What's a Translator Style Guide?


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Like a corporate style guide for content creation, a translator's style guide defines the grammar, syntax, and tone translators should use to convey a company’s brand and desired end-user experience to the target audience.

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What's a Translator Style Guide?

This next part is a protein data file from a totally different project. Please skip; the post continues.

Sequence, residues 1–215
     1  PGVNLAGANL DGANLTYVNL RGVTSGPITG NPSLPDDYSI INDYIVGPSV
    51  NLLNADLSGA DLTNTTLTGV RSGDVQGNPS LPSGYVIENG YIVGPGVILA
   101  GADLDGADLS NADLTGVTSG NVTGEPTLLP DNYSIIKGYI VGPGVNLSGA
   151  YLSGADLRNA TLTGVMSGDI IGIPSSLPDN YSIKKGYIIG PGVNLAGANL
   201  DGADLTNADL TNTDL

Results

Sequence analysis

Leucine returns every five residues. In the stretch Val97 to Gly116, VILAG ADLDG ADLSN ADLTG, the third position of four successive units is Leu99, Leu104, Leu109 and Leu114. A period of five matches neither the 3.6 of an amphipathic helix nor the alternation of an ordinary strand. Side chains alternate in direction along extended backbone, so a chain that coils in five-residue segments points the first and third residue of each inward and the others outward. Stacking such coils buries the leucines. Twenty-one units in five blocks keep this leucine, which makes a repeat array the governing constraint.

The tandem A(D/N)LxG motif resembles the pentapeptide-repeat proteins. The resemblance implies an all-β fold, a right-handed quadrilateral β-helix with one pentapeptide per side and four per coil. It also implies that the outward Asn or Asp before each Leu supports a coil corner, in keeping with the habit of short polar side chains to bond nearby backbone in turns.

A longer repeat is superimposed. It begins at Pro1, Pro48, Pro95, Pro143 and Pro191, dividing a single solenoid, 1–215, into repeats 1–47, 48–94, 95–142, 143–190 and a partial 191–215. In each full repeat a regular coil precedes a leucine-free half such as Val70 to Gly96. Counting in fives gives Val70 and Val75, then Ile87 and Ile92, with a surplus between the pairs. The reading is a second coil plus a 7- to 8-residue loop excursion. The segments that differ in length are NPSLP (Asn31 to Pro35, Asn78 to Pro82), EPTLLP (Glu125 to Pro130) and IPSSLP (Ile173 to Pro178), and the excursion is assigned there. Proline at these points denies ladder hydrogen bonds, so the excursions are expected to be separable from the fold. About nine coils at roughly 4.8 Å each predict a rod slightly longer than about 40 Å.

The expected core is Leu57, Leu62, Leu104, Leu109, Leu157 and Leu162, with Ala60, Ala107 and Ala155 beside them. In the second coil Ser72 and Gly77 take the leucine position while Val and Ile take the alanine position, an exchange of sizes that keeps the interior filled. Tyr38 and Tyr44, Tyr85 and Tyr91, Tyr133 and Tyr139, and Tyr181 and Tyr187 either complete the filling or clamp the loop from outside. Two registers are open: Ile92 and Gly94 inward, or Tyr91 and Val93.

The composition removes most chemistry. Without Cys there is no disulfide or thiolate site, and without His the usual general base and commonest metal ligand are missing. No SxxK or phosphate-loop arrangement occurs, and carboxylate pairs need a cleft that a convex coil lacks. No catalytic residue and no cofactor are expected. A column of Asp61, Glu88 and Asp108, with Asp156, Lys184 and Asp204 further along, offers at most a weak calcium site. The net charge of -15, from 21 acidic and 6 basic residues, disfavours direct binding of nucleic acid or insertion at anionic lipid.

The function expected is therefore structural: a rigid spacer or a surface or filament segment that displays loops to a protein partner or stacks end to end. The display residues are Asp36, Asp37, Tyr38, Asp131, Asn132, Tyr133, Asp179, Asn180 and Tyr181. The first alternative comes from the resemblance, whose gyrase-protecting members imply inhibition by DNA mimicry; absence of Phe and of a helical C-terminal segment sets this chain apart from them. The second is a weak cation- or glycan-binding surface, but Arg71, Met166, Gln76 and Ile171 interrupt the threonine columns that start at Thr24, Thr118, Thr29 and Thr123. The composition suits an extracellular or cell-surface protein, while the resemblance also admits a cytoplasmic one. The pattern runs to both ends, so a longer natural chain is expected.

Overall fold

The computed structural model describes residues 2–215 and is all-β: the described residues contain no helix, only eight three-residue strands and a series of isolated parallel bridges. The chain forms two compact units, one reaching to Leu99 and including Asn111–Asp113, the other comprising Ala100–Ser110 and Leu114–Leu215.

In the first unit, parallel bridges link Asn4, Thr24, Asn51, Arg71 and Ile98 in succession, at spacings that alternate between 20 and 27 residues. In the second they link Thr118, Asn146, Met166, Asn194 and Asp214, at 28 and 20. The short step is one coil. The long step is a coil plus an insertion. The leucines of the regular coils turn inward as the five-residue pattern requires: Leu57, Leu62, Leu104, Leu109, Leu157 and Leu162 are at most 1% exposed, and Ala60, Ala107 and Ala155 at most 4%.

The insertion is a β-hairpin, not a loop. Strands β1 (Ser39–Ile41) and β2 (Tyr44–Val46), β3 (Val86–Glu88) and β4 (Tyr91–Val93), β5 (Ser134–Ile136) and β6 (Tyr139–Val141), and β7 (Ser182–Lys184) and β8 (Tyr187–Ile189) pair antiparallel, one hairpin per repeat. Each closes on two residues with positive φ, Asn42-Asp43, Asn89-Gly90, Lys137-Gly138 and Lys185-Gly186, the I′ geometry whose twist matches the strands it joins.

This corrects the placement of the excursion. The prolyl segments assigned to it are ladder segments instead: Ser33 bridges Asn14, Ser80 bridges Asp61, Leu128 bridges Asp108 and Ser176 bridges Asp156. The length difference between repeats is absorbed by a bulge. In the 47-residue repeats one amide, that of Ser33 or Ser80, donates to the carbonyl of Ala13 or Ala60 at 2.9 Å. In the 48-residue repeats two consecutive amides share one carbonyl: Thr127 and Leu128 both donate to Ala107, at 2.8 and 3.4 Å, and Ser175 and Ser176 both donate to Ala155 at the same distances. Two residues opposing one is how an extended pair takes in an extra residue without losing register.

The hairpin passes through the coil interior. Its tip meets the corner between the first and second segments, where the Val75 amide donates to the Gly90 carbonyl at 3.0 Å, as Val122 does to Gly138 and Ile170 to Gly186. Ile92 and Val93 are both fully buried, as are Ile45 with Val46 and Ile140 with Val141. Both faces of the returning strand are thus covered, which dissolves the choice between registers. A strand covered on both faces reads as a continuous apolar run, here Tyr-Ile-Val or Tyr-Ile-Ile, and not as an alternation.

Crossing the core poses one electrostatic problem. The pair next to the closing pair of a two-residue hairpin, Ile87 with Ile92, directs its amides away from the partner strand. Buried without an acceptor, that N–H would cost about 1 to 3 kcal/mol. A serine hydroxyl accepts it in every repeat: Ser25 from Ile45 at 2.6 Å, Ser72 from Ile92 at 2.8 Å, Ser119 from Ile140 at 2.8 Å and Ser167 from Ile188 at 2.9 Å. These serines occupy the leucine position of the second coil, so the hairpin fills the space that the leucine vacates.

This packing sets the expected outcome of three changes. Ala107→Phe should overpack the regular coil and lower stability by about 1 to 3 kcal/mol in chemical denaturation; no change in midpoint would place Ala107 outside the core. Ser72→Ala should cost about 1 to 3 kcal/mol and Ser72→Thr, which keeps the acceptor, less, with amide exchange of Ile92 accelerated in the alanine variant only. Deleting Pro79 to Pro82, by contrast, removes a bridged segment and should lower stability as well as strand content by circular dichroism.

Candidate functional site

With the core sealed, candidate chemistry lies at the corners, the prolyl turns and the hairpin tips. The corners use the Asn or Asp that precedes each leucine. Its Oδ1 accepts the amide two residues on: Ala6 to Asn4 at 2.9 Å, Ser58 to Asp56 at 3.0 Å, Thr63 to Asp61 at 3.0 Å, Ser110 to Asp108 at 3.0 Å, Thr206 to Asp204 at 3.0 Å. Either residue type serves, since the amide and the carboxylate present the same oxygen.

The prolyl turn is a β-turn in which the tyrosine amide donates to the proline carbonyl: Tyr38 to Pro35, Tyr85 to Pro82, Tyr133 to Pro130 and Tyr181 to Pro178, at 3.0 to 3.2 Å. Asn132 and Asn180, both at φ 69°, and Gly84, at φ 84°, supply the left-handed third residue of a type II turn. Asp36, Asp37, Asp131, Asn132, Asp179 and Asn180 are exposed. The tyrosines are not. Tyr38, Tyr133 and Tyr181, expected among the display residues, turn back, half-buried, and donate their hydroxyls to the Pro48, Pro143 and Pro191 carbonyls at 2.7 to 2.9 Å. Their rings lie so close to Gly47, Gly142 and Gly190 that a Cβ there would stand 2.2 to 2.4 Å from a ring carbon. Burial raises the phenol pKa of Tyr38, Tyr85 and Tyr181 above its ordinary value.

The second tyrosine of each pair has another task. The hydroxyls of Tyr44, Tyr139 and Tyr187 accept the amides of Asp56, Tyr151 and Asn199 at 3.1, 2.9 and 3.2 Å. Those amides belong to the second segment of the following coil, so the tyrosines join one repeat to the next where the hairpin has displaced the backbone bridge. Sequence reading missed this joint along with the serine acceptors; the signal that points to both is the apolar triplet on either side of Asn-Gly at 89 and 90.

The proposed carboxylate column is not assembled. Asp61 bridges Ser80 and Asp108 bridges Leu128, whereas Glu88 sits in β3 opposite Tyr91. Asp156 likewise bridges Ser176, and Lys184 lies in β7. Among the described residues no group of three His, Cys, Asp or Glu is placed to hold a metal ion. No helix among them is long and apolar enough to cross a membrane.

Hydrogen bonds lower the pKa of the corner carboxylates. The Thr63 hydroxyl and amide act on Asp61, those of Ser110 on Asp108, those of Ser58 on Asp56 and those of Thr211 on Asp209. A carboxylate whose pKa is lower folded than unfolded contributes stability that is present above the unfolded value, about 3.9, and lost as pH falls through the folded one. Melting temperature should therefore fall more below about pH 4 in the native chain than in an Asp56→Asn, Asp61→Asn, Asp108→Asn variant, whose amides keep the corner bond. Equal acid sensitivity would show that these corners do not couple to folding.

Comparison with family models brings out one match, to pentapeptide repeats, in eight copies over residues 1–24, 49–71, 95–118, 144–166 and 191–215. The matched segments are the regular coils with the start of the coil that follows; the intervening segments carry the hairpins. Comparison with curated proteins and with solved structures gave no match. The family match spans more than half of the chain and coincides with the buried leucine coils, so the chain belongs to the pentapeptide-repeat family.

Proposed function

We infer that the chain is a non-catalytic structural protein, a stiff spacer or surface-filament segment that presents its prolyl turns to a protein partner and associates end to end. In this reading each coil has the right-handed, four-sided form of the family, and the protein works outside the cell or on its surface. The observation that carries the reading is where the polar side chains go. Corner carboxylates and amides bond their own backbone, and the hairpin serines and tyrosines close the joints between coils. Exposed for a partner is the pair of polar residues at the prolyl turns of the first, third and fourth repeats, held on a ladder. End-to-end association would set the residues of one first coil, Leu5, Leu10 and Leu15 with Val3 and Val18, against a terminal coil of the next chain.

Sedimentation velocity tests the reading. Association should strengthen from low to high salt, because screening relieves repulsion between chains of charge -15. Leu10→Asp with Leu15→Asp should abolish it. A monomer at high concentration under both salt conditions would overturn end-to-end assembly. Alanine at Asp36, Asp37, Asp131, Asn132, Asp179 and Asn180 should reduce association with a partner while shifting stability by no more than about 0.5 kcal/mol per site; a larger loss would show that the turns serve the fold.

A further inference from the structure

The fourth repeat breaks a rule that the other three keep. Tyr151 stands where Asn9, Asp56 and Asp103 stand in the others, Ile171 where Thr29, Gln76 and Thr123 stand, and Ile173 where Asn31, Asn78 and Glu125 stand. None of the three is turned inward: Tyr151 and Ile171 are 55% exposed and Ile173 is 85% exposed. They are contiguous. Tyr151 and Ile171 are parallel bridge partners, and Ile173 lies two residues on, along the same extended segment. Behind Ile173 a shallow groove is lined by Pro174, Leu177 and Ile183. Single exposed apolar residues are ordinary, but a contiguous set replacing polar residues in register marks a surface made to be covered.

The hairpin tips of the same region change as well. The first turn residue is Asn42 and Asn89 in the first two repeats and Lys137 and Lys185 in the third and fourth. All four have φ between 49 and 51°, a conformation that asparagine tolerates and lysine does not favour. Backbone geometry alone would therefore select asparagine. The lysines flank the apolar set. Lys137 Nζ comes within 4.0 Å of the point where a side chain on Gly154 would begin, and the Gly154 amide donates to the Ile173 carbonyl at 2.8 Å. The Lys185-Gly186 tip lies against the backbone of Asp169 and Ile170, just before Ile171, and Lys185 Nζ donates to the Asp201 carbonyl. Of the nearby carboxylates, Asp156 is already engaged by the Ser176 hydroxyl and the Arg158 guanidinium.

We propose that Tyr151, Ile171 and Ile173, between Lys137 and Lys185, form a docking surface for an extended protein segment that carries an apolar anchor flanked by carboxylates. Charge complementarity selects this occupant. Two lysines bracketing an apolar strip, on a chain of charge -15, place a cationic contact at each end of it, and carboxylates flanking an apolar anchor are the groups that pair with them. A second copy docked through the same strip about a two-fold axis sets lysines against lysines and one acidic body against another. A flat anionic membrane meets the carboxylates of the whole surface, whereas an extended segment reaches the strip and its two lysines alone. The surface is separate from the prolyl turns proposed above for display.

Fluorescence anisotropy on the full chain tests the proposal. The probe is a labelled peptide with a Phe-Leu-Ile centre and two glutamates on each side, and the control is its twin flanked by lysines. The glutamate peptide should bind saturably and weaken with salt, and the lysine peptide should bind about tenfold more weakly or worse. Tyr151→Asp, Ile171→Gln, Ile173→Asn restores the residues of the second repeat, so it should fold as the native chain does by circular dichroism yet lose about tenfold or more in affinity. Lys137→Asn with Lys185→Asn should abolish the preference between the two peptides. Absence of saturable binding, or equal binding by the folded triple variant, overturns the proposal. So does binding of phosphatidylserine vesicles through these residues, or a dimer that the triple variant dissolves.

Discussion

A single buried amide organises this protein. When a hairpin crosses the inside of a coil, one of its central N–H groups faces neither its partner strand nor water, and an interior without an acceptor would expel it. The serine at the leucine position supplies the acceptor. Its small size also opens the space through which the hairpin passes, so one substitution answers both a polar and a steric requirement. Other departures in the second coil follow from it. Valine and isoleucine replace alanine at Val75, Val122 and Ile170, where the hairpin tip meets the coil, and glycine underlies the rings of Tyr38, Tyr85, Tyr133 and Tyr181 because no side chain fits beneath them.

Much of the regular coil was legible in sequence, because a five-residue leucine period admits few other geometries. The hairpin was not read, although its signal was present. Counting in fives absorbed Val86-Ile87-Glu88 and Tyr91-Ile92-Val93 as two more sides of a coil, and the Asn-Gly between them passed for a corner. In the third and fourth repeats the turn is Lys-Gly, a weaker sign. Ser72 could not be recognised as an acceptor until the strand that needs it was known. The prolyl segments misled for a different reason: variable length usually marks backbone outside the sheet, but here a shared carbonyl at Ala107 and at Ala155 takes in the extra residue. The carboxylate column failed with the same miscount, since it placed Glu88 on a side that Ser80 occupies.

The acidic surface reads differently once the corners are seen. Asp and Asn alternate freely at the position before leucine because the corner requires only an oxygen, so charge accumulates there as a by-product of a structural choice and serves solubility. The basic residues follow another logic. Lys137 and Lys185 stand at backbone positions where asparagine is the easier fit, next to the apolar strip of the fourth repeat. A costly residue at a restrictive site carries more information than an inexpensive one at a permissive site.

1. 1. www.lionbridge.com What Are Translator Style Guides? Why Should We Have Them? Like a corporate style guide for content creation, a translator’s style guide defines the grammar, syntax, and tone translators should use to convey a company’s brand and desired end-user experience to the target audience. It is likely that your company has a style guide for creating content. It probably defines the conventions that writers should use to ensure they accurately convey brand image and desired user experience. However, it is just as important to define the style to be used in translated versions of the content. Commonly, content is checked by companies’in-country employees, either as a formal process after translation or in an ad hoc manner after content is published. In both cases, problems with the translation are noticed at a very late stage, making it more difficult and expensive to correct them. Another issue that often comes up in this type of“review”is that most people tend to make changes according to personal preference: it just sounds better when it’s written a certain way. But, when translations are reviewed, it is important that clear quality and style guidelines are followed. By implementing translator style guides, you can proactively outline the expected style and tone for translated material. This allows translators to know up front what conventions they should use. Your reviewers can also use the style guide to understand what they should be judging against when reviewing content, which will make them less likely to request changes according to personal preference. And, you can save precious time and effort at the critical end of your publishing cycle, and reduce costs. FAQ How it Works Translator style guides are market-specific, so you should have as many style guides as you have markets. They can be written either in English with target-language examples, or fully in the target language. If you have personnel in your target markets, and especially if these personnel review material before it’s published, you should have them participate in creating the guides. It might be challenging for them to find the time to do this, so anything you can do to make the process simpler will be appreciated. When the guides are ready, you should give them to your LSP for distribution to translators, who will use them in doing their translations. When the translations are reviewed, the in-country reviewers will use the guides to specifically define what they are checking in the translations. This gives them a baseline for translation quality. + You could give each reviewer a checklist where they indicate their style preferences, then use those to create a formal guide, or have your language service provider (LSP) create it. + You could create a guide for one market, have the reviewers in your other markets comment on that, and then use their notes to make a guide for their markets.